The Great Emu Chase tells the story of a Grandfather's
hilarious adventure through an Australian wildlife park, as
he attempts to get his chippies back from a menacing,
flightless bird....THE EMU
"Told in rhyme, the story includes a fun refrain that is likely to be embraced quickly by young readers. "
Welcome our book review page of the works of Sarah Palmer, home of "THE GREAT EMU CHASE."
The Great Emu Chase by Sarah Palmer, illustrated by Emma Stuart
Reviewed by Anke Seib
Seagulls stealing the odd chip is something many of us find familiar, so Sarah Palmer’s all Australian story is easily identified with. The simple concept has a whole new twist, however, if the bird that steals the chips is both flightless and large enough to take off with the whole bag. And because young children enjoy seeing adults goof up, the valuable lesson that comes through this totally non-didactic telling is excellent—for Gar was the one who fed the emu a chip to begin with. Big mistake!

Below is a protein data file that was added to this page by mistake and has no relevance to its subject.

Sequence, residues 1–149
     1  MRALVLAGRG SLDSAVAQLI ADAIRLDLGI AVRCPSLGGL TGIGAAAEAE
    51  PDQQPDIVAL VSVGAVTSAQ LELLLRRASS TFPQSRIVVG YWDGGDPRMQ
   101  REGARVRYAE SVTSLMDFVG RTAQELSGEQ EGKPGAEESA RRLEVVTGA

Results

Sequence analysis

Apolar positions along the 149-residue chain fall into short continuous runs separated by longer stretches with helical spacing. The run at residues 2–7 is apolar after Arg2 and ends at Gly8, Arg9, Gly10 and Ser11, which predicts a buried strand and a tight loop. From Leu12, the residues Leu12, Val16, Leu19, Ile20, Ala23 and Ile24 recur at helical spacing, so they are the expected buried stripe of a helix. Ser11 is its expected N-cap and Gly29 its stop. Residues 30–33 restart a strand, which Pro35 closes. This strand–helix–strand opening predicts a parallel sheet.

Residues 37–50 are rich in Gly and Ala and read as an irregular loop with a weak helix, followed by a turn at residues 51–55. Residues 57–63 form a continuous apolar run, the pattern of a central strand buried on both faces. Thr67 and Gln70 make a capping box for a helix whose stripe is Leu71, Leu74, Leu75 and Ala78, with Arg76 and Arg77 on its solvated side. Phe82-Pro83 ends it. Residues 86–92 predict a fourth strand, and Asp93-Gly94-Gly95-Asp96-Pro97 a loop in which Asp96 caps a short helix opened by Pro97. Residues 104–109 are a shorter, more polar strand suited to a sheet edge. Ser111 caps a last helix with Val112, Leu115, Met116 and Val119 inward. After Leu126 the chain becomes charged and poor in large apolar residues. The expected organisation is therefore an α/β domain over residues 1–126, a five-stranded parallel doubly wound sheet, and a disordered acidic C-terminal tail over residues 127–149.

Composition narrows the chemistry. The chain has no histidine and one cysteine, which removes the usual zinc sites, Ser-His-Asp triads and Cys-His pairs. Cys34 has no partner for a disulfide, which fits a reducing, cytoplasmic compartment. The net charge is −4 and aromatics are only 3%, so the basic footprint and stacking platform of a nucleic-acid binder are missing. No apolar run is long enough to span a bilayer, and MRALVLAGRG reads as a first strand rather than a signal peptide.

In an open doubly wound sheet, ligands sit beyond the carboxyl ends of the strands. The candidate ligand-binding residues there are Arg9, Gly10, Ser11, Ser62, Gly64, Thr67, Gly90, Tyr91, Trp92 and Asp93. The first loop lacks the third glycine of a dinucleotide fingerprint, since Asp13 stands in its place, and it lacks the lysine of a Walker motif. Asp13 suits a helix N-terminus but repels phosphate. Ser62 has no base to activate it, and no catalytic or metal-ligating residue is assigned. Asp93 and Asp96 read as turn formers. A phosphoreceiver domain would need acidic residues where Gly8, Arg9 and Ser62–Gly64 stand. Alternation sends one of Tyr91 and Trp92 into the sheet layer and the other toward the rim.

The narrator follows Gar as he pursues the emu and chips all over the wildlife park, the familiar setting for this story being another aspect of its appeal. Both narrator and park inhabitants are highly amused as Gar is forced to enter various animal enclosures in order to continue his pursuit. The worst one has to be that of the crocodile, but being wedged in a burrow and having to be pushed out by the wombat is pretty funny too—though not so much when this sees Gar land face-first in a prickle bush.
Colourful and lively illustrations capture both Gar’s frustration and the spritely spunk of the emu. The emu is daring and cheeky, leaving Gar rather worse for wear. By the story’s end, Gar is dishevelled and covered in leaf litter, with pants torn and face scratched, BUT he has rescued his chips. The other characters are also well illustrated and sure to delight children. I particularly liked the finer details in the work, like the corrugated iron and paling fences that are so Australian.
Told in rhyme, the story includes a fun refrain that is likely to be embraced quickly by young readers. Recommended for children aged three to eight, the availability of excellent teaching notes on the author’s website will make this book well worth including in every pre-school and primary school collection.